Dane-zaa

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Danezaa
Beaver tipi in winter near Peace River Alberta - NA-1315-23.jpg
Dane-zaa tipi in winter near Peace River, Alberta, 1899
Regions with significant populations
Languages
English, Danezaa
Religion
Christianity, Animism
Related ethnic groups
Tsuu T'ina
Dane-zaa (Beaver) chief and family, Peace River area Alberta, 1899
Dane-zaa (Beaver) women and children in front of their tipi, 1899

The Dane-zaa (ᑕᓀᖚ, also spelled Dunneza, or Tsattine, and historically often referred to as the Beaver tribe by Europeans) are a First Nations people of the Athabaskan-speaking ethnolinguistic group. Their traditional territory is around the Peace River of the provinces of Alberta and British Columbia, Canada. About 1,000 Dane-zaa are living today in British Columbia and perhaps half speak the Danezaa language, and around 2,000 live in Alberta.

History[edit]

Prior to 1800 the Dane-zaa inhabited lands further east, near the Athabaska and Clearwater rivers, and north to Lake Athabaska, as well as territory north of the upper Peace River. Recent archaeological evidence establishes that the area of Charlie Lake north of Fort St John has been continuously occupied for 10,500 years by varying cultures of indigenous peoples.

In the late 18th century, European Canadians opened the Peace River area to fur trading. The Cree, a powerful people to the east of the Dane-zaa, had become highly dependent on the European goods and the maintenance of a trade monopoly with North West Company traders (the Northwest Company later amalgamated with the Hudson's Bay Company). The Scots-Canadian explorer Alexander Mackenzie established Rocky Mountain Fort at the mouth of the Moberly River in 1794. sometime this is called a dunnea.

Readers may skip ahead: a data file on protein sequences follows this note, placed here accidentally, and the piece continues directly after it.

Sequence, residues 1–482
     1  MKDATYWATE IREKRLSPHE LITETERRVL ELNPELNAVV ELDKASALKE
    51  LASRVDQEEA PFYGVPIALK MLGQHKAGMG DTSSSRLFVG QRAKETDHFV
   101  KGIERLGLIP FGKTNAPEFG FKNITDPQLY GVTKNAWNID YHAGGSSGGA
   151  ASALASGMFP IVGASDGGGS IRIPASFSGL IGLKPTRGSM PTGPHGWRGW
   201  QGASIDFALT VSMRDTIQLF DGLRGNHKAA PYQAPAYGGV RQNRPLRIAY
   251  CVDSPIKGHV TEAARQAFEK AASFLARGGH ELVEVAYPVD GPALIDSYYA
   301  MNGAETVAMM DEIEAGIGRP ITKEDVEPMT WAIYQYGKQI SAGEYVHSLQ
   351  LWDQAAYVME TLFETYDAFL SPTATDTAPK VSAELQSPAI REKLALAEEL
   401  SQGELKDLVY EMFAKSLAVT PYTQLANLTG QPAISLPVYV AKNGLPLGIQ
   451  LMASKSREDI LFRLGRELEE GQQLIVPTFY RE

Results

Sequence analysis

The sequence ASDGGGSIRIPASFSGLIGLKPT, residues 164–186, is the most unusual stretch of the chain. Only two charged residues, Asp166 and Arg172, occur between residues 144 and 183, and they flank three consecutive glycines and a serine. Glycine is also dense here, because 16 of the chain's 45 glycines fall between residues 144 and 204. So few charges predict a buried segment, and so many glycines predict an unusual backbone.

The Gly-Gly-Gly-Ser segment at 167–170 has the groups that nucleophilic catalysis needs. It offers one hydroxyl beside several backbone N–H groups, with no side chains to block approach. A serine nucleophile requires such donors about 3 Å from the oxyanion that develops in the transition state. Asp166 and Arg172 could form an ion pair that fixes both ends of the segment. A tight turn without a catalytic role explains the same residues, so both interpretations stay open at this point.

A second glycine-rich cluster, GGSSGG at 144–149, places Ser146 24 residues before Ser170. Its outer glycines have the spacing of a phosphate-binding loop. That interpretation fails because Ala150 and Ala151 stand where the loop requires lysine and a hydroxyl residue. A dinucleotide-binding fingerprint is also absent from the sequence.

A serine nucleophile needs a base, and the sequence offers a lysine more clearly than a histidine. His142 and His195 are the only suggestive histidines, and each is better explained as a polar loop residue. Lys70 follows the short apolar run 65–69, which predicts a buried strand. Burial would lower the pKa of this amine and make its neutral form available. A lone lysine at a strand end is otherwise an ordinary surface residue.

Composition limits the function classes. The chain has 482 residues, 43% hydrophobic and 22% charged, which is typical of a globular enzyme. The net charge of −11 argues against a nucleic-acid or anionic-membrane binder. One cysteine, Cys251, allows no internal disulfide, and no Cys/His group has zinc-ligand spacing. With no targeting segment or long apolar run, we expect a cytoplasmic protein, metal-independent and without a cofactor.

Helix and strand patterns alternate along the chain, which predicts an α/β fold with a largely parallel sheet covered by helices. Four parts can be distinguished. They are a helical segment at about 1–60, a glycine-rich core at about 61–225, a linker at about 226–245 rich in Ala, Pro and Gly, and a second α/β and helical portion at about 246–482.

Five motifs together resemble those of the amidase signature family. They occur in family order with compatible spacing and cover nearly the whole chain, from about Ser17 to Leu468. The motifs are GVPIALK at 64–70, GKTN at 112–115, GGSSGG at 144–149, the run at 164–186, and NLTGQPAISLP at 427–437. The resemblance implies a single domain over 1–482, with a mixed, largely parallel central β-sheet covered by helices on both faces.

A post journal of 1799-1800 mentions people trading at the post who can be identified as the ancestors of members of the former Fort St John Band, now the Doig River and Blueberry River First Nations. Oral history collected from elders at Doig confirms that the ancestors of present Dane-zaa families were in the upper Peace River area prior to first contact by Alexander Mackenzie in 1793. Traders provisioned their expeditions with bison meat and grease collected by the Dane-zaa in their hunting on the rich prairies of the upper Peace River area. By the time the Hudson's Bay Company took over the North West Company in 1823, bison had become commercially extinct.

For many years the Dane-zaa have followed the teachings and songs of their "Dreamers," who first predicted the coming of the Europeans. The last Dreamer, Charlie Yahey, died in 1976. The Dane-zaa of Fort St John took an adhesion to Treaty 8 in 1900. Today they continue to have a vibrant cultural and economic presence in the North Peace area.

Danezaa governments[edit]

Treaty 8 Tribal Association[edit]

Treaty 8 Tribal Association members:[1]

North Peace Tribal Council (NPTC)[edit]

North Peace Tribal Council members:[5]

Western Cree Tribal Council[edit]

External links[edit]

References[edit]

  1. ^ Treaty 8 Tribal Association Communities
  2. ^ Doig River First Nation
  3. ^ Halfway River First Nation
  4. ^ Saulteau First Nations
  5. ^ North Peace Tribal Council (NPTC)
  6. ^ http://www.aboriginal.alberta.ca/documents/MetisSettlement_FirstNation_Profile.pdf